Assembling California: Imprinted

Assembling California: Imprinted

Published on Wednesday, January 5, 2022. This article appears in the Winter 2022 issue of American Craft Magazine.
Author Jon Spayde
Artist Ashwini Bhat making a clay imprint of tree roots in Armstrong Redwoods Reserve in Sonoma, California

Ashwini Bhat in Armstrong Redwoods Reserve in Sonoma, California. Photo courtesy of Ashwini Bhat and Shoshana Wayne Gallery.

The American Museum of Ceramic Art (AMOCA) in downtown Pomona, California, has a special relationship with the Ruth Chandler Williamson Gallery, located about five miles away on the campus of Scripps College. For 77 years the gallery has been running the Scripps College Ceramic Annual, and since 2016, AMOCA has given the curator of the Annual a one-person show during the run of the multi-artist showcase.

Curating the latest Annual, which COVID delayed for a year till this coming January, is the Bay Area–based ceramic artist Ashwini Bhat, who will show around a dozen small ceramic objects under the rubric Imprinted—literally imprints in clay of tree branches and other natural elements—plus photographs of her at work in the wild, and a video.

Assembling California: Imprinted

American Museum of Ceramic Art
Pomona, California
January 8 – May 1, 2022

ceramic sculpture by ashwini bhat
ceramic sculpture by ashwini bhat
ceramic sculpture by ashwini bhat

TOP LEFT: Imprint, Petrified Sequoia Langsdorfii, 2021, glazed ceramic sculpture, 8 x 4 x 2 in. TOP RIGHT: Imprint, Laurel Oak Hollow, 2021, glazed ceramic sculpture, 10 x 5 x 1.5 in. BOTTOM LEFT: Imprint, Redwood Elbow, 2021, glazed ceramic sculpture, 9.5 x 7.5 x 3 in. Photos courtesy of Ashwini Bhat and Shoshana Wayne Gallery.

The artist was born in a village in South India, a place where, she says, “I was used to knowing the name of every plant and animal. When I moved to California, everything was very new to me—I knew I wanted to know the region better.”

On weekend hikes with her partner, the poet Forrest Gander, Bhat documented aspects of the Northern California landscape, including trails, tracts of land burned by recent wildfires, and species threatened with extinction. The artistic result was the Assembling California series of individual works, each named after a trail, fire, or endangered species, or as “liquid earth.” The earthy monumentality of these pieces comes alive with twists and off-balance moves, signs of the dynamism of natural and human-authored change. Then Bhat created Assembling California: Imprinted, a set of smaller works that are records in clay of the more intimate surface details of natural objects.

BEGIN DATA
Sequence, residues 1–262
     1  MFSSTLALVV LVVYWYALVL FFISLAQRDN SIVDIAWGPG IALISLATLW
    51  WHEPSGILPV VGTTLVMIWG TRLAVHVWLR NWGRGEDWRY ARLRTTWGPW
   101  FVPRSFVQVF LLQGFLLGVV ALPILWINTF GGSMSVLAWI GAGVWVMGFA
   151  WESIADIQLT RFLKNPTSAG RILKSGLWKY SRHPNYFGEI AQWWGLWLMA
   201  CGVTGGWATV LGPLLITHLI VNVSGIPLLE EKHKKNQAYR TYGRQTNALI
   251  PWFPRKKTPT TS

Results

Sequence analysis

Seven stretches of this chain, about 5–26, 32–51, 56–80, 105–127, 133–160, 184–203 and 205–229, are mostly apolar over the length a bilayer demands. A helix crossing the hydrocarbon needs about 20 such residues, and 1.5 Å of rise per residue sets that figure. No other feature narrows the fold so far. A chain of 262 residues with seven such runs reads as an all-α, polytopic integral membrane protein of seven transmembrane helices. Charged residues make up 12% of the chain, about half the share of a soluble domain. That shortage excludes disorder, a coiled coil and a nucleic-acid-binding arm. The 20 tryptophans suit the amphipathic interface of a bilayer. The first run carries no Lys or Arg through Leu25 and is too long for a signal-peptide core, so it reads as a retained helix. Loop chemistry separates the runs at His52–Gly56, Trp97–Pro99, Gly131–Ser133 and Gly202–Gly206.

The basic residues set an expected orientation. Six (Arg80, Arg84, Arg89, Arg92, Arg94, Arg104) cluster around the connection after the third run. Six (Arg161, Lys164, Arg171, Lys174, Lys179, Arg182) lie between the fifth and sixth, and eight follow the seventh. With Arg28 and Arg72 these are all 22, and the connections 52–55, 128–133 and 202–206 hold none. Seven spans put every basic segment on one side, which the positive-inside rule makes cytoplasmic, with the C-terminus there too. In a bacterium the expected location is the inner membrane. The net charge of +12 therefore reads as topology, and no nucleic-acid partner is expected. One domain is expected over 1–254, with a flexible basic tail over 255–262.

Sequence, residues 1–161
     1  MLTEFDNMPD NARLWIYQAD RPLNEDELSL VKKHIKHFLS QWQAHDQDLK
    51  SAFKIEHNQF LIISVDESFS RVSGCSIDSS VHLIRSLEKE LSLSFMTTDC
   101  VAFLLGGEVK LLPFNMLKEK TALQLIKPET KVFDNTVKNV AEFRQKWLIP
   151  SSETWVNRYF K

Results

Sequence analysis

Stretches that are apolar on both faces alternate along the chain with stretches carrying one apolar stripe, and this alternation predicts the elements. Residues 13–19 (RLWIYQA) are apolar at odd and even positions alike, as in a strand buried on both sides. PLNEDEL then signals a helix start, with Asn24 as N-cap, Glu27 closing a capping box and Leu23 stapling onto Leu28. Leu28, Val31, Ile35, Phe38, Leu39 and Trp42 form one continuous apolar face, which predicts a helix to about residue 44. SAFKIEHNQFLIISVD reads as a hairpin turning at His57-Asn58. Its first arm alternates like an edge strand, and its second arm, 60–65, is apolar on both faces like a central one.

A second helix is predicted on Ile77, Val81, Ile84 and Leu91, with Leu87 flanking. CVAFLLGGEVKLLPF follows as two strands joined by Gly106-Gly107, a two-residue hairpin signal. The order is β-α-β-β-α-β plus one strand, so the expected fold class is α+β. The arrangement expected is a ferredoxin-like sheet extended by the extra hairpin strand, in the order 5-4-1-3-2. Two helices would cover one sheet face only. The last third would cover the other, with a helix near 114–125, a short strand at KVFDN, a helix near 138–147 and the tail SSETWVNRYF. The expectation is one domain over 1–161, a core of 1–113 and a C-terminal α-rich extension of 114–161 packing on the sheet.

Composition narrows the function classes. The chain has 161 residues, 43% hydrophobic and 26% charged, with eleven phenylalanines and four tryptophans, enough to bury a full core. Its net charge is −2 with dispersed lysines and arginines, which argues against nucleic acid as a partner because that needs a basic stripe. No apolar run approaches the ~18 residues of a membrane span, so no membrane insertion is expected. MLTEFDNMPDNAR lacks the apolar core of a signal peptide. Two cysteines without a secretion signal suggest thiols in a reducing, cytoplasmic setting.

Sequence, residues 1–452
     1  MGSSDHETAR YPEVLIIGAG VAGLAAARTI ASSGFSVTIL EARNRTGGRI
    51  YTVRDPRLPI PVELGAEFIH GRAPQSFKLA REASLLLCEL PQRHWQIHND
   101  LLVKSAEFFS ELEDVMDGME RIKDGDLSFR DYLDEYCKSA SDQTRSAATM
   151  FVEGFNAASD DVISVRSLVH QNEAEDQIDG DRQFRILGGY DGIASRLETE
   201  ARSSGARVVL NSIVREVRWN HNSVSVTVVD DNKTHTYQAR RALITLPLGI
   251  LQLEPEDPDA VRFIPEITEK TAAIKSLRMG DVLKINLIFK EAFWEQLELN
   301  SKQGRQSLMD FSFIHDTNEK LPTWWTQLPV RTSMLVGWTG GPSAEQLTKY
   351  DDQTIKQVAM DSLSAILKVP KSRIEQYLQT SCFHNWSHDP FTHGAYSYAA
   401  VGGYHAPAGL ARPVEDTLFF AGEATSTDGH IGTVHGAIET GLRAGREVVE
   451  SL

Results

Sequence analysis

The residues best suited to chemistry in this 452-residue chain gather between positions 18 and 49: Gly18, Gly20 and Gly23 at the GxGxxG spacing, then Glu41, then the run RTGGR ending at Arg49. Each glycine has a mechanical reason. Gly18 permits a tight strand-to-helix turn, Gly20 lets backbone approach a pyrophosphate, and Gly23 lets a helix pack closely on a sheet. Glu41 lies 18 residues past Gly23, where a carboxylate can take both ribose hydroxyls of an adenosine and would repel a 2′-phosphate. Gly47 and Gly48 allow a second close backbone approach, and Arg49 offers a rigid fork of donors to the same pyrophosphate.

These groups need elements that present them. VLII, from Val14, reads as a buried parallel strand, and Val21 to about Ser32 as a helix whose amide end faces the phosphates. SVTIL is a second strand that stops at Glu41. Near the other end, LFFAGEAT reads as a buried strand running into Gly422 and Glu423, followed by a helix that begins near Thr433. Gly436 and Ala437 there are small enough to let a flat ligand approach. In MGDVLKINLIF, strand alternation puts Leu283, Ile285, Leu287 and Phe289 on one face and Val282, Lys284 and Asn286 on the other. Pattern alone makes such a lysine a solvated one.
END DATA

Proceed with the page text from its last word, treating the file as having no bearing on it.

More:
“AMOCA’s building was once a bank, and my show will be in what used to be the bank’s vault,” Bhat says. “It’s an interesting and intimate space, and the small Imprinted works are at the right scale to take advantage of it.”

Earlier Works From Ashwini Bhat’s Assembling California Series

ceramic sculpture by ashwini bhat ceramic sculpture by ashwini bhat

TOP LEFT: Monk Seal, 2020, is one of Bhat’s endangered species works. TOP RIGHT: Kincade Fire, 2020, clay, underglaze, glaze, and feldspar, 23 x 20 x 15 in. BOTTOM RIGHT: Liquid Earth #2, 2021, clay and glaze, 4 x 7.5 x 2.5 in. BOTTOM LEFT: Earthquake Trail, 2020, clay, underglaze, glaze, feldspar, paint, 22 x 19 x 13 in. Photos courtesy of Ashwini Bhat and Shoshana Wayne Gallery.

ceramic sculpture by ashwini bhat ceramic sculpture by ashwini bhat

For AMOCA Executive Director Beth-Ann Gerstein, showing an artist she has known for years as a restless experimenter with ceramic form and an advocate for environmental health and justice is right in line with the mission of the museum, which displays functional and artistic ceramics from all periods, and whose one-person shows often have a strong conceptual component.

“If it’s a concept worth sharing with the public, and it includes clay and tells a story, it fits our mission,” she says. “Ashwini sharing moments of connection with the natural world, and documenting her process with photos and videos, is her way of talking about what we’re potentially losing through climate change. That is a story worth sharing.” | @ashwinibhat

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